i'm more interested what my fellow geeks/nerds think of a movie. the opinion of a 'movie critic' has no bearing on if i watch a movie or not. i'm gonna let Roger Ebert tell me a movie is rubbish? the same Roger Ebert who wrote Beyond The Valley of The Dolls? i think not.
Fellow geeks and nerds are a vicious bunch, though. They will rip to shreds movies that don't deserve it. Movies like Avatar, The Dark Knight, Iron Man 2, etc. that were all very entertaining films, and were well received critically will get you ostracized if you say that you liked them.
true, but i can argue with you guys. i can't tell Roger Ebert he's a moron.
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Old December 16 2010, 03:29 AM   #35
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Re: Predicting the Tron critical reception

OdoWanKenobi wrote: View Post
Praetor_Shinzon wrote: View Post
i'm more interested what my fellow geeks/nerds think of a movie. the opinion of a 'movie critic' has no bearing on if i watch a movie or not. i'm gonna let Roger Ebert tell me a movie is rubbish? the same Roger Ebert who wrote Beyond The Valley of The Dolls? i think not.
Fellow geeks and nerds are a vicious bunch, though. They will rip to shreds movies that don't deserve it. Movies like Avatar, The Dark Knight, Iron Man 2, etc. that were all very entertaining films, and were well received critically will get you ostracized if you say that you liked them.
The dark side of turning to geeks for opinions is running into misplaced counterculture anger and agendas. Fan does, after all, stand for fanatic. And geeks can be too fanatical to be rational.

Ironically, there's already some geek backlash against Tron Legacy even before the film is out; the counterculture and geek critics are primed and ready to shoot it down as they did Avatar, etc.To a degree, I think there is sour grapes with at least some of them; a certain sort of geek / nerd person doesn't like it when the mainstream gives what they like attention, ironically enough.
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Old December 16 2010, 04:05 AM   #36
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Re: Predicting the Tron critical reception

I actually recall someone saying on a comic book site the movie will suck even before the script was written.

What was worse was so many people agreed with him...
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Old December 16 2010, 05:36 AM   #37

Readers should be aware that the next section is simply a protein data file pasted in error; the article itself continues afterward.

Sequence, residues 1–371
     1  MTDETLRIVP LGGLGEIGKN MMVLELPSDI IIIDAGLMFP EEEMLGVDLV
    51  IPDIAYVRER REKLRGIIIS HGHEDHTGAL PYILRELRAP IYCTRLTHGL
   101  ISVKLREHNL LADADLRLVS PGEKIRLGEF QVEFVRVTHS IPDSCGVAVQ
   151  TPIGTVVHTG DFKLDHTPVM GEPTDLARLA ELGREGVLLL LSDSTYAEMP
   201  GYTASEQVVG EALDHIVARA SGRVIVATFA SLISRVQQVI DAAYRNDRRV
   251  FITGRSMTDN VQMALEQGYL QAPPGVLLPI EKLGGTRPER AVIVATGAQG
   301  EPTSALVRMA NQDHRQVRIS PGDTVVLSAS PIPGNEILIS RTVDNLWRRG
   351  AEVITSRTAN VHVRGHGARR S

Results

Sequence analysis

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Re: Predicting the Tron critical reception

I just got back from a sneak preview of the film, and I can give it a positive rating. Just how much I'm unsure at the moment. While Olivia Wilde was pleasant to see, she was blessedly not a distraction. Perhaps my favorite aspect I will say is seeing Bruce Boxleitner getting a nice part in this film. A good actor and a good man.

There will no doubt be people who savage the film, in a vain effort to elevate their own personal image in the geek community. That's a shame for many reasons already cited. Personally, I went into it with an open mind and not all that much in expectations.
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Old December 16 2010, 06:03 AM   #38
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Re: Predicting the Tron critical reception

Samuel Walters wrote: View Post
Owain Taggart wrote: View Post
Right, but the difference is that they're paid for it and they often go along with the popular opinion and often trash it because it's popular to be doing for particular movies. These days, the media is also owned by companies that might have advantages in how movies are reviewed, like say, Warner Brothers and TIME, or Disney and ABC and any publications under that umbrella giving their movies acclaim, making people want to see them. So, likely opinion is swayed quite a bit, and so then opinion is not so much an honest opinion anymore but more of a shill piece.
You may be entirely correct. I certainly am ignorant about the "business" of criticism. And I don't doubt that there are at least some "critics" who function purely in a "Mouth of Sauron" role. Which is a shame. It's not like criticism is an exact science. And, like I said, I think people are genuinely curious about what others think about films and TV -- particularly if it's someone whose judgment (and bias) is consistent.